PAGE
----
How to Claim Compensation for a Delayed Flight
Simply knowing how to claim compensation for a delayed flight doesn’t meant it’s easy. The truth is that within Europe you have very good air passenger rights. In fact, the amount of compensation you can receive for a delayed flight is generous (up to €600). The problem is knowing how to get your money from the airline without unnecessary hassle.
But you’ve come to the right place.
Unfortunately the airlines won’t always be upfront about how to claim compensation for a delayed flight. And sometimes they’re even a little bit sneaky. For example they’ll offer delayed passengers like yourself vouchers for food and drinks, but in accepting and signing for them, you’re effectively waiving your right to full compensation. Naughty.
How to claim EU flight delay compensation
So we’ll cut right to the chase. You’re on this page because you’ve been delayed. You’re frustrated, angry and entitled to compensation. We’re here to help. Our team of trusted legal industry experts have done this for approximately three million people in over 20 countries over the past few years. Our success rate should the claim go to court is 98%, and if we can’t get your compensation for you, you don’t pay a thing.
Tap the link below, enter the flight details and we’ll tell you right away if your flight qualifies. The rest of the article deals with the nitty-gritty details of flight delay compensation, but the quick and easy answer to your question is right here.
We can tell you in a matter of minutes whether you are entitled to cash compensation or not. Simply enter your flight details into our specially designed compensation calculator. It analyses hundreds of thousands of flight movements and weather data and verifies in detail whether the air passenger rights regulation applies. We will provide you with an immediate initial evaluation free-of-charge.
When can I claim compensation for a flight delay?
The number one piece of criteria is that the flight must be delayed by more than three hours at destination. Sometimes the flight will take off three hours late, but make up the time in the air. So for the purpose of a claim, the arrival time is not when the wheels touch down on the runway, but when the plane is parked at the gate and the door is open.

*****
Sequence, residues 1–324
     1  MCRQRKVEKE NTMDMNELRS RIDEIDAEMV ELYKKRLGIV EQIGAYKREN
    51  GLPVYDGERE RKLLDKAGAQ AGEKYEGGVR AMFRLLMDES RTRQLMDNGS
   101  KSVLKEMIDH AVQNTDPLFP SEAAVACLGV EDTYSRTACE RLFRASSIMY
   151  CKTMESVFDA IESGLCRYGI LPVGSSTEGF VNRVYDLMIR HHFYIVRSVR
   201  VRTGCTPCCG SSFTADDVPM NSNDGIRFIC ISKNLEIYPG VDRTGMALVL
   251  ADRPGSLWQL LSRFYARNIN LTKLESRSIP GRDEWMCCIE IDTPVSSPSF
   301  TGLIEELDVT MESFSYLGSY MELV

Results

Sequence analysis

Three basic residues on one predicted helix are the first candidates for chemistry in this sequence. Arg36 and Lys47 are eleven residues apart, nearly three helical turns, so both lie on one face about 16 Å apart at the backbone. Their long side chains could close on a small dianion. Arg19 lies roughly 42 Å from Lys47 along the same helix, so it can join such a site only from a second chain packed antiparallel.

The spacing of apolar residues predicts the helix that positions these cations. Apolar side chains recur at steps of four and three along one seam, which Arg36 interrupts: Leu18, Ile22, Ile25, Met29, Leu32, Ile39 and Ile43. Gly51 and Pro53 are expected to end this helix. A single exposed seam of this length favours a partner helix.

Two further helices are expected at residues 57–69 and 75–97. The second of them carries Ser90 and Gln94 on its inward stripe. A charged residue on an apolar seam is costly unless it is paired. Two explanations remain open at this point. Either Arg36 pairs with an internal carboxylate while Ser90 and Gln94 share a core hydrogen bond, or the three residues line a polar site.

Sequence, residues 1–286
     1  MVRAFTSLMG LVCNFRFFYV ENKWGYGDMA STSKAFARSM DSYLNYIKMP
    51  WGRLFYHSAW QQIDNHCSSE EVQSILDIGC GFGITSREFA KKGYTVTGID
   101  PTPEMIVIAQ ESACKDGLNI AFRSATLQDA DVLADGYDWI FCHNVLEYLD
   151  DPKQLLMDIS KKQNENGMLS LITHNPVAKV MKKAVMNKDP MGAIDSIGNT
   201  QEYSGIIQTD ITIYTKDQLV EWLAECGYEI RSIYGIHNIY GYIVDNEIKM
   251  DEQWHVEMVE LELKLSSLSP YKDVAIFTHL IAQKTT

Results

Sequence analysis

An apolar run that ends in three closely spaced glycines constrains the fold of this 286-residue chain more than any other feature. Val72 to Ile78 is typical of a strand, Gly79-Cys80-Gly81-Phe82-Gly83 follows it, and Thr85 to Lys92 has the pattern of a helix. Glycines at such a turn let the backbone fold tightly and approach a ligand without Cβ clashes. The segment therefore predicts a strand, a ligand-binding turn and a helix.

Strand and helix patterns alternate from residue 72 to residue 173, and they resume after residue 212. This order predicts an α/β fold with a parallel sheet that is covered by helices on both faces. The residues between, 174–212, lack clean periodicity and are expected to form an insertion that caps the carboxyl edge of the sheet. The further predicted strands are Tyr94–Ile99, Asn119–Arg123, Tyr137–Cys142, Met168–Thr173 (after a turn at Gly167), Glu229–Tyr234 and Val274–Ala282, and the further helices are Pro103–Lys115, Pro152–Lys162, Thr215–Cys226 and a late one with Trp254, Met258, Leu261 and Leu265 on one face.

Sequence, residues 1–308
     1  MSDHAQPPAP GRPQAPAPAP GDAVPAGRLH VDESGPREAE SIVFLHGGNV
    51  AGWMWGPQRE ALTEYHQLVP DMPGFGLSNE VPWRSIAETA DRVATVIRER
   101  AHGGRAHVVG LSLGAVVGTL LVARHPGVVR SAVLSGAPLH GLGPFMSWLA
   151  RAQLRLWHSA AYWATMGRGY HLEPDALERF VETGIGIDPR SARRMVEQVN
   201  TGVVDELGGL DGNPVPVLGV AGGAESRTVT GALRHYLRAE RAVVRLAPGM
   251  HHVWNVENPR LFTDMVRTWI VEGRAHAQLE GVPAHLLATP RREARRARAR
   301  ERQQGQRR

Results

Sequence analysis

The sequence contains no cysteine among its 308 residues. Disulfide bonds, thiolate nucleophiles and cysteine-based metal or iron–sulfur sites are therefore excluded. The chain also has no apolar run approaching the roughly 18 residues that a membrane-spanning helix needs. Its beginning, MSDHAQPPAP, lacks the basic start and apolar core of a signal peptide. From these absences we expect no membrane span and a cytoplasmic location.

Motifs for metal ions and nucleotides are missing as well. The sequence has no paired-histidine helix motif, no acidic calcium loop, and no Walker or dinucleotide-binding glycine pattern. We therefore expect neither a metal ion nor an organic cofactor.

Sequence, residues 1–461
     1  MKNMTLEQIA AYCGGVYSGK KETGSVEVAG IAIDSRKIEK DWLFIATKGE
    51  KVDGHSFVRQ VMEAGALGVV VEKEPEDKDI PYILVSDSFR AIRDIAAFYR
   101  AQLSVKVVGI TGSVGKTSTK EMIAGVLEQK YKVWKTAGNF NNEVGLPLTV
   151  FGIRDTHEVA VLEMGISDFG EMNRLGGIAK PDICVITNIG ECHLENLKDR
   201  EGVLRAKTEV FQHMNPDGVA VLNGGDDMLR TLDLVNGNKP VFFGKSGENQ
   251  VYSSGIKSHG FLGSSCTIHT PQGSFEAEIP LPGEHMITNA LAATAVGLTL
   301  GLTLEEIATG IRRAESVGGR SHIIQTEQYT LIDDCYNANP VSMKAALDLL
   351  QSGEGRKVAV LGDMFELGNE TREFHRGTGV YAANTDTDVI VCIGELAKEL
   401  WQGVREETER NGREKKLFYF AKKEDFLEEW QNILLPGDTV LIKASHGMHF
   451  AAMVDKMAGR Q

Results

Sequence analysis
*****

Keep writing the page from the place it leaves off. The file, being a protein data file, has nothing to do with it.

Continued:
Does this only apply to European flights?
Most routes within Europe are covered, including Iceland, Norway, Switzerland and the so-called “outermost regions” (French Guiana and Martinique, Mayotte, Guadeloupe and La Réunion, Saint-Martin, Madeira and the Azores, and the Canary Islands).
Lots of international flights are also covered. Basically, if your flight is leaving from an airport in the EU, you’re covered. You’re also covered for flight delay compensation if you’re flying on an EU airline from outside the EU but the destination is inside. This simple chart sums it up:
The law that entitles you to compensation is called Regulation (EC) No 261/2004 of the European Parliament and of the Council of 11 February 2004. We use EC 261 for short. It’s a European Law that requires airlines to compensate passengers for lengthy flight delays, cancellations, and in situations where they are denied boarding.
Extraordinary circumstances are not covered
Sometimes, bad stuff happens that’s out of the control of the airlines and it’s not their fault. These situations include things like lightning strikes, medical emergencies, labour strikes, really bad weather, airport equipment malfunctioning, acts of sabotage, political unrest, terrorism… you get the picture.
But not-so-extraordinary circumstances should be covered
Airlines sometimes cite generic “technical difficulties” or “operational circumstances” as reasons for delays. The good news is that the European Court of Justice (ECJ) has confirmed that those don’t qualify. Perhaps the airlines use them as a deterrent against claims, but they’re not sufficient reasons to relieve an airline of its obligations to you under EC 261.
Here’s a quick summary. You are entitled to cash compensation if..
- You arrive at your destination more than three hours later than planned.
- You have checked in for your flight on time (generally no less than 45 minutes before departure).
- You encountered these problems on a flight operated no more than three years ago.
- The airline is responsible for the delay (e.g. technical fault or sick crew).
- The flight took off in the EU (from any airline) or landed in the EU (provided that the airline is headquartered in the EU).
And here’s a checklist you can save to your phone:
How does filing a claim with AirHelp work?
First, we check your flight details to see if your delay qualifies. We look at factors like the weather and technical issues to determine if, and how much, you could qualify for in compensation.
Next, you give us the OK to fight on your behalf, and we legally represent you in your case against the airline. Some claims are very quick, and we send you updates throughout the process.